There are also some interesting regional differences in these overall performance assessments which may be explained culturally. Generally speaking, US & Canadian product managers see themselves as more adept at functions that are strategic in nature (e.g., product vision/strategy, product positioning/messaging, customer feedback/satisfaction), and less so in more tactical and operational functions (e.g., go-to-market execution, achieving product/feature adoption goals). In many of these more operational functions, we see European counterparts—French and German PMs, in particular—telegraphing higher degrees of confidence in their capabilities.
Performance by Region
Finding 6: Tactical or Visionary
Product managers see themselves as more tactical than visionary—and believe this orientation is well aligned with what their organization hires for and values most.
Product managers are expected to set a compelling vision for a product and execute on that vision with aplomb. But rare is the individual who can do both of these things equally well. Each year, we check in on product leaders’ view of how they see themselves on a continuum of visionary to tactical, how this squares with how their company hires PMs and, importantly, which orientation their organization values most. Variation was minimal across geographies, with the exception of UK product managers who see themselves slightly more visionary than their counterparts.
We asked product managers how they see themselves
The results confirmed a trend we’ve seen since the inception of this survey: product managers see themselves as more tactical than visionary and they believe this orientation is well aligned with what the role is all about. More tactically oriented PMs are also happier on average, reporting an NPS score five points higher than their visionary counterparts. Product management is a challenging, often harried role.
PM Perception by Role
While we may romanticize product managers as gazing off into the middle distance while pondering a better future for their customers, the reality is that there’s a lot of detail to manage and busy work to get done. The rare Jobsian hero who can see around corners and anticipate unarticulated customer desires is just that: rare. Product management is about the hard work of doing research, synthesizing data, and socializing and communicating product directions. Hardly glamorous, but important work nonetheless.
Finding 7: Alignment
Product leaders feel dependent on close alignment with the customer success function, but worry that there’s still weakness in this relationship.
Last year, product leaders told us they worry a bit about their alignment with the customer success team, which they saw as an important relationship and one with plenty of room for improvement. The findings this year confirm this sentiment. Aside from engineering and UX, which are core internal constituents to a product manager, sales, marketing, customer success, and support are seen as the most important adjacent functions. When we asked product leaders about the effectiveness of their alignment with these functions, they signaled relative confidence in engineering, UX, and marketing relationships, but revealed a less rosy picture for sales and customer success.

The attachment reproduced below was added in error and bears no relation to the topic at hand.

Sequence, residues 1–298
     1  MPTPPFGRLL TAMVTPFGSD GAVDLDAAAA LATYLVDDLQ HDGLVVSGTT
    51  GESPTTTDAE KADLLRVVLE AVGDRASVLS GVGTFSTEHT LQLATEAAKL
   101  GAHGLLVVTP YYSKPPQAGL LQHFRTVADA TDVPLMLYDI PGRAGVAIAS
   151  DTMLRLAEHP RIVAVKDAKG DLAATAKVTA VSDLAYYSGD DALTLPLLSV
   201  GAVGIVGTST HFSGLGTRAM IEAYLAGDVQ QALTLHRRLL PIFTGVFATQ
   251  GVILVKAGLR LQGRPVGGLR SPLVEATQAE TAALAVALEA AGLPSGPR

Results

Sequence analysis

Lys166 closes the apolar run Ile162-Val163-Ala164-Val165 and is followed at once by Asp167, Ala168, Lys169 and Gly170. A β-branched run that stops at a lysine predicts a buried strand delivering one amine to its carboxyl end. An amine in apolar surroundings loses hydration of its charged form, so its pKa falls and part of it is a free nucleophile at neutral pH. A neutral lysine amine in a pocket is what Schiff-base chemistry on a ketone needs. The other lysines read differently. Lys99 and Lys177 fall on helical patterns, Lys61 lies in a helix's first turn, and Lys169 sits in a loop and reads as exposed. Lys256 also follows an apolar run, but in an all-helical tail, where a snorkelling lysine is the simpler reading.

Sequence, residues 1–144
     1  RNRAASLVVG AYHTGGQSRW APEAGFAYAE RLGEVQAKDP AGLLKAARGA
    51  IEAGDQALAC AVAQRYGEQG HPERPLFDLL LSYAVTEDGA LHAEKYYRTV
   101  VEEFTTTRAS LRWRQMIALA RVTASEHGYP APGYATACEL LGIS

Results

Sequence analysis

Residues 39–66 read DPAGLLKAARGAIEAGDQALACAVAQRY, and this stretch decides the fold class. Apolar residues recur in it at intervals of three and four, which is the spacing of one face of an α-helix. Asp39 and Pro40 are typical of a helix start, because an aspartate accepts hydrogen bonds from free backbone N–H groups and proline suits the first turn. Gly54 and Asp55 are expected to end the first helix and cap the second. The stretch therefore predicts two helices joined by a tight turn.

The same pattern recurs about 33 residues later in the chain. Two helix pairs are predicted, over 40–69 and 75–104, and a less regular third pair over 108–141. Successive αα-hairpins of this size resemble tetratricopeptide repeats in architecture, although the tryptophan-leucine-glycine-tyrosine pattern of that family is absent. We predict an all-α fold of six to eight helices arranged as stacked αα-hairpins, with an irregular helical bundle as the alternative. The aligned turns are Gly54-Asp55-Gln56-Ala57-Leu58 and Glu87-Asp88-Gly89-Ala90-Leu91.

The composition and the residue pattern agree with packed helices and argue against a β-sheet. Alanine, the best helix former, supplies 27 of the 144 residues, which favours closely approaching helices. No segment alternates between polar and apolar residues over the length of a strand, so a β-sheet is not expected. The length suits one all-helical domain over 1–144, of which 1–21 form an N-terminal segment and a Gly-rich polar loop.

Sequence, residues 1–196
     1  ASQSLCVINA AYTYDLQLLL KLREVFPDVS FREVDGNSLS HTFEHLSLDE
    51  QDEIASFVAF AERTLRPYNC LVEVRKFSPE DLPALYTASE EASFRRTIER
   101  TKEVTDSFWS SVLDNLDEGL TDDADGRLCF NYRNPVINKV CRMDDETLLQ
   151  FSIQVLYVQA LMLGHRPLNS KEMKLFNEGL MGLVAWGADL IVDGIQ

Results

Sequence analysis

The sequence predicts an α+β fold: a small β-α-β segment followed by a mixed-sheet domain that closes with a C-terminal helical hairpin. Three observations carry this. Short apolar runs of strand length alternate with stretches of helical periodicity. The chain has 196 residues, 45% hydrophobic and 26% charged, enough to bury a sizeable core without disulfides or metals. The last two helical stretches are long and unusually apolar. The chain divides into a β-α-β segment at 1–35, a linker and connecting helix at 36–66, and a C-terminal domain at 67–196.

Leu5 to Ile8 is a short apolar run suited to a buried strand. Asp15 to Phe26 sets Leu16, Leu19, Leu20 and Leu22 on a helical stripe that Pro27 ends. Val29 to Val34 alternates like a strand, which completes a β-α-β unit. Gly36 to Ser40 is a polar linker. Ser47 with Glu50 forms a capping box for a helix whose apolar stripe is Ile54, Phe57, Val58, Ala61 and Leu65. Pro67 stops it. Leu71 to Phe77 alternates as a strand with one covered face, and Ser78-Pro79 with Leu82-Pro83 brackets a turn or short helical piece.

The source of misalignment with sales is well documented: from time to time, salespeople will overpromise on roadmaps, putting product managers in the uncomfortable position of either rearranging priorities or walking back a commitment. The source of misalignment with customer success is a bit more complicated. As the owner of the post-sales customer relationship, customer success is the primary interface between the product team and the customer. While this brings a necessary and important coordination function to customer communications, it also adds friction—friction in what gets communicated out to customers and what gets captured and communicated back to product teams. This can have implications for customer onboarding, feature adoption and product usage, and capturing feedback to inform roadmaps–all core jobs for the product manager, but often intermediated by the customer success team.
Importance by Region
Finding 8: Product Ops
More than half of product teams now have a dedicated product ops function.
Do you have a dedicated product ops function?
SaaS has brought the product manager fundamentally closer to the customer by providing visibility into how products are adopted and used and providing ways to capture new insights and shape behavior inside the product. But this has also made the role more data-intensive and operationally focused than ever before. Our survey shows that more than half of product teams now have a dedicated product operations function to wrangle data in support of better product decisions; to coordinate internal and external launches and communications; and to orchestrate the right messages and experiences inside the product. In addition to the 52% who have already built this function, another 19% have plans in the works to build up this capability. Fewer than 30% of teams expect product operations to remain a shared responsibility. Perhaps unsurprisingly, the data shows a strong correlation between company size and the presence of a standalone product ops function, with 96% of companies over $1b in revenue reporting the presence of a dedicated product ops resource compared with just 17% under $25m in revenue.
Finding 9: Decision and Insights
Product leaders see themselves as highly data-driven, with a holistic view of customer and market insight.
Data-driven is now an unnecessary modifier for virtually every business function, product management certainly to no lesser degree. Each year, our data reveals a role that’s increasingly dependent on troves of customer data and market insight. Unsurprisingly, therefore, product managers see their decision making process as much more reliant on data than instinct.
How are decisions made?
Where does insight come from?